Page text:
MIT Researchers Are Studying Oreos!

By Aaryaa Padhyegurjar

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Why does the cookie’s cream stick to just one wafer when twisted apart? The answer could be a groundbreaking discovery for 3D printing and flexible electronics.

When you twist an Oreo cookie open to get to the creamy middle, you’re simulating a basic rheology test, which examines how a non-Newtonian substance flows when twisted, crushed, or otherwise strained. In search of an answer, the team put cookies through normal rheology experiments in the lab and discovered that, regardless of the flavour or quantity of stuffing, the cream in the middle of an Oreo virtually always adheres to one wafer when twisted open. The cream occasionally separates more evenly between both wafers in earlier boxes of cookies.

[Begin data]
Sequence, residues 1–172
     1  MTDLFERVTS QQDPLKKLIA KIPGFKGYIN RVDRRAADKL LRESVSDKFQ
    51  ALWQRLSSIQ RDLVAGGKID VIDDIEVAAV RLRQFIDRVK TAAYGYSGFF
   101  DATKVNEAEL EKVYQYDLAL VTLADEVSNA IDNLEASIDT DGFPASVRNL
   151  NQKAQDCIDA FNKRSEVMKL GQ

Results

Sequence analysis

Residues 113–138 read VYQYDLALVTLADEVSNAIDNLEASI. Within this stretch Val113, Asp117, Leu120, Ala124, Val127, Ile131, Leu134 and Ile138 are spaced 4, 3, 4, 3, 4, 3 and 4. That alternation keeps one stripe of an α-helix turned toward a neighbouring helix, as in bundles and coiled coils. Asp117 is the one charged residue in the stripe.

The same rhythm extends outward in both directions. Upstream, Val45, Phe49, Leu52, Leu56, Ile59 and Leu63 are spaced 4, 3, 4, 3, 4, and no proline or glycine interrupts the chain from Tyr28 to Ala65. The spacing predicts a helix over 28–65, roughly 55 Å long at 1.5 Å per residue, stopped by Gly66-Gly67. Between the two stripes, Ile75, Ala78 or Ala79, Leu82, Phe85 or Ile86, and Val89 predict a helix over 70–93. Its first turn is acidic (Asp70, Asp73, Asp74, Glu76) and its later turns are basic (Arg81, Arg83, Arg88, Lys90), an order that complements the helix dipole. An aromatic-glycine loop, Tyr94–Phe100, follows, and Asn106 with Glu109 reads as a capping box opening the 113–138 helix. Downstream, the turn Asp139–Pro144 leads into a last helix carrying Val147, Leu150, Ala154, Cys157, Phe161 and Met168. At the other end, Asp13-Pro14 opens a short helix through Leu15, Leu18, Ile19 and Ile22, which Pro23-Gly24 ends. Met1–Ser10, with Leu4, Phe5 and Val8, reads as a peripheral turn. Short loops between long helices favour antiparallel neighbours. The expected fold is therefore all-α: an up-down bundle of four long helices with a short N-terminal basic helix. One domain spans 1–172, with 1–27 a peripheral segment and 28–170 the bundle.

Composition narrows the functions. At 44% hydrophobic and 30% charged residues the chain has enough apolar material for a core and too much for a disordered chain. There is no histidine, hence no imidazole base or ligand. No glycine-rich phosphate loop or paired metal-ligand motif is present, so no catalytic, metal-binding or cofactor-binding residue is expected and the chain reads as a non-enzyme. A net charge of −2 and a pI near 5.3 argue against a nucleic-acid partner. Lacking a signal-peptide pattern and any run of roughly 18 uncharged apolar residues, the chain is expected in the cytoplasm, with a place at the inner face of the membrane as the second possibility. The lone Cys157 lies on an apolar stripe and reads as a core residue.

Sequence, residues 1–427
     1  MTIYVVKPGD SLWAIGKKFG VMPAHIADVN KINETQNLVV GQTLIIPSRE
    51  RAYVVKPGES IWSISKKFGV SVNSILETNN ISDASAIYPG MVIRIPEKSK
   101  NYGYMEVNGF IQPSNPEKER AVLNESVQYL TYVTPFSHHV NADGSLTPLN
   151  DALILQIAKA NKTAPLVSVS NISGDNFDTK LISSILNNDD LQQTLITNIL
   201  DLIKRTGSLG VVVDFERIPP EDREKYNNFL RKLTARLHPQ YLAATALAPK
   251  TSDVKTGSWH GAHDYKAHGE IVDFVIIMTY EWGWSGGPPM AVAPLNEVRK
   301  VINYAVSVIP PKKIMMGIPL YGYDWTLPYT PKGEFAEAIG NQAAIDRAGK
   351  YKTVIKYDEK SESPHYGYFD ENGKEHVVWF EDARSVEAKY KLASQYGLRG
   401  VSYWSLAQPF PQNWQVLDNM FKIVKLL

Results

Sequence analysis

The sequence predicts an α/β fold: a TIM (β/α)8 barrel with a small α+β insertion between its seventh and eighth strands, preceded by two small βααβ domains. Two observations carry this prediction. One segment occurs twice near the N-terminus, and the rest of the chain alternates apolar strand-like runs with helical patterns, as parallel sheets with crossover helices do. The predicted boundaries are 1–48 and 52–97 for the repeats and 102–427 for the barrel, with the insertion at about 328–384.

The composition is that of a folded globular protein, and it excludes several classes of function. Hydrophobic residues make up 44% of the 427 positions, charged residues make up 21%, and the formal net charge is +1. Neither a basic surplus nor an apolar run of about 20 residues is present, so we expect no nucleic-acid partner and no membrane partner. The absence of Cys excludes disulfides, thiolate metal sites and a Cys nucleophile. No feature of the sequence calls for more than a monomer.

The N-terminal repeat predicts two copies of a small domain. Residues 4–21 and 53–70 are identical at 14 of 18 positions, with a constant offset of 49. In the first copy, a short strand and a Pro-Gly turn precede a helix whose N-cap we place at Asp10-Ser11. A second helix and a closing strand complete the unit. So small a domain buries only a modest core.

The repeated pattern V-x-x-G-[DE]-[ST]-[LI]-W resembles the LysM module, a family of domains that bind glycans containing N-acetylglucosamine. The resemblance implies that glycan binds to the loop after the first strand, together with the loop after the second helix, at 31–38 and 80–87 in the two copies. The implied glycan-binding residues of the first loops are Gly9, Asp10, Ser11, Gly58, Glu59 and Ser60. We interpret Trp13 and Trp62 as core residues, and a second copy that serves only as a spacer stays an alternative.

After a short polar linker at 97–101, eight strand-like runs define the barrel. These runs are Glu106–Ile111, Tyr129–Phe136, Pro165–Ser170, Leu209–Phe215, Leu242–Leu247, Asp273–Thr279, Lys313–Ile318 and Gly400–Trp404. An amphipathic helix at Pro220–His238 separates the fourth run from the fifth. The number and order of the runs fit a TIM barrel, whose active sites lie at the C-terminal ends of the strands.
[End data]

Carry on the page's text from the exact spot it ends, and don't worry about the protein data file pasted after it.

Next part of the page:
The team’s research is an opportunity to make rheology science more accessible to the general public. To that goal, the researchers created a 3D-printable “Oreometer” – a simple gadget that firmly grasps an Oreo cookie and controls the twisting force that gradually twists the cookie open using pennies and rubber bands.

The 3D-printable “Oreometer” designed by the team (Credit: MIT)
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